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Ferociouskitty
Veteran Poster
Username: Ferociouskitty

Post Number: 643
Registered: 02-2008

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Posted on Wednesday, March 04, 2009 - 12:35 am:   Delete Post View Post/Check IP Print Post    Ban Poster IP (Moderator/Admin only)

A while ago, Thumper posted a thread here about "definitive" biographies. I'm reading a biography of Anais Nin by Deidre Bair (who also wrote biographies of Samuel Becket, Carl Jung, and Simone de Beauvoir). Bair wrote something in the introduction to the Nin biography that I found interesting, in light of Thumper's thread/question:

Throughout this book, I tried to avoid labeling either Anais Nin or those persons who figured throughout her life, mostly because everyone I spoke to tried to do it for me. I tried to avoid all these labels, from the person who [called Nin's diary] "the liary", to the scholar who disrupted a lecture to insist that I apply a litany of clinical and pathological terms to Anais Nin's personality. I avoided attaching labels, terms, or clinical descriptions to her because my primary aim in this biography is to allow readers to form their own opinions about this woman I found so compellingly complex; also (and more important to me personally), because I believe in the biographical imperative that any given life must serve to present evidence for further scholarly inquiry. (emphasis mine)
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Cynique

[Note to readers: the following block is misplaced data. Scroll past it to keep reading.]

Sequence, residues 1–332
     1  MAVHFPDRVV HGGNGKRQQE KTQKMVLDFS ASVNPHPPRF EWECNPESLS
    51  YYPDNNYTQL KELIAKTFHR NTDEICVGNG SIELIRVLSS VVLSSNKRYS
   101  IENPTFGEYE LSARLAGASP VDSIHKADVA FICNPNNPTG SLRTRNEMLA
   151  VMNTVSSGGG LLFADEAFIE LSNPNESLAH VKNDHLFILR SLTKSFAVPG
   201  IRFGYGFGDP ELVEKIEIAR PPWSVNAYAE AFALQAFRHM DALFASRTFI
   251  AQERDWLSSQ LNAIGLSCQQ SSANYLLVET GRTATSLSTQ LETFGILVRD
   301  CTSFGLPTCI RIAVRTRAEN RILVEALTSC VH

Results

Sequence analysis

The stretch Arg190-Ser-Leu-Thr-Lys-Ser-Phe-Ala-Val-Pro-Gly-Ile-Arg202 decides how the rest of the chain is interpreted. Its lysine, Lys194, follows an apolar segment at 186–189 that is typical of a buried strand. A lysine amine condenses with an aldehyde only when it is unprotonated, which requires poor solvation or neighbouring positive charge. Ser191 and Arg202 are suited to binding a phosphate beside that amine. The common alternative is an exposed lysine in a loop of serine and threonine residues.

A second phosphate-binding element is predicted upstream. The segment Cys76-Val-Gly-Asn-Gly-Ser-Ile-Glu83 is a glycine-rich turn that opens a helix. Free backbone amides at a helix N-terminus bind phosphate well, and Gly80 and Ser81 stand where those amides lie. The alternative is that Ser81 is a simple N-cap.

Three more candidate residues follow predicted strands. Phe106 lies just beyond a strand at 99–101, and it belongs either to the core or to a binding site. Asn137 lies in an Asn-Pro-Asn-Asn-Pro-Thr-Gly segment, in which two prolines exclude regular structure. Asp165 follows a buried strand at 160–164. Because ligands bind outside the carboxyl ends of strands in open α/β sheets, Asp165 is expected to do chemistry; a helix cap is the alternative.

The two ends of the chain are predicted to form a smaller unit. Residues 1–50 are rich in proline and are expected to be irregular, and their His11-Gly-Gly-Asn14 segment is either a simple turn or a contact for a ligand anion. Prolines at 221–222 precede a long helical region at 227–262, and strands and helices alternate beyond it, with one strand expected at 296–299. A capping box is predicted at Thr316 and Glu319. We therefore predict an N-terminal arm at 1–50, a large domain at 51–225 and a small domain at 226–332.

"Cyniquian" Level Poster
Username: Cynique

Post Number: 13557
Registered: 01-2004

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Posted on Wednesday, March 04, 2009 - 01:35 pm:   Delete Post View Post/Check IP Print Post    Ban Poster IP (Moderator/Admin only)

It's ironic that a biography "takes on a life of its own". If a person's life is detailed, instead of interpreted, it will speak for itself. No?
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Chrishayden
"Cyniquian" Level Poster
Username: Chrishayden

Post Number: 7792
Registered: 03-2004

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Posted on Wednesday, March 04, 2009 - 01:48 pm:   Delete Post View Post/Check IP Print Post    Ban Poster IP (Moderator/Admin only)

I tried to avoid all these labels,

(Of course this is nonsense.

Few biographies are written in a void. The biographer likes the person or wants to tear him down. Some think that, by merely presenting the facts, they have been non critical.

No way. No biography can present all the facts. Such a biography would be a bloated monstrosity thousands of pages long, like a Leon Forrest novel.

Some facts must be left out. Those would form a complete picture of the subject.

There is much that we cannot know.

What were one's thoughts really, on the morning of 9/11. Did no one not wonder what one would have for lunch? If so, what does that say about us.

Adolph Hitler was apparently adored by Josef Goebbel's children. So who can exhaustively detail that and get around to WWII?
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Cynique
"Cyniquian" Level Poster
Username: Cynique

Post Number: 13560
Registered: 01-2004

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Posted on Wednesday, March 04, 2009 - 07:55 pm:   Delete Post View Post/Check IP Print Post    Ban Poster IP (Moderator/Admin only)

What are you talking about, chrishayden??

A pattern can emerge from a detailed account of a person's life and there is such a thing as reading between the lines. What can be deduced from Goebbel's children liking Hitler is that altho Hitler was an anathema to Jewish children, because he loved his own people, he was nice to German children.

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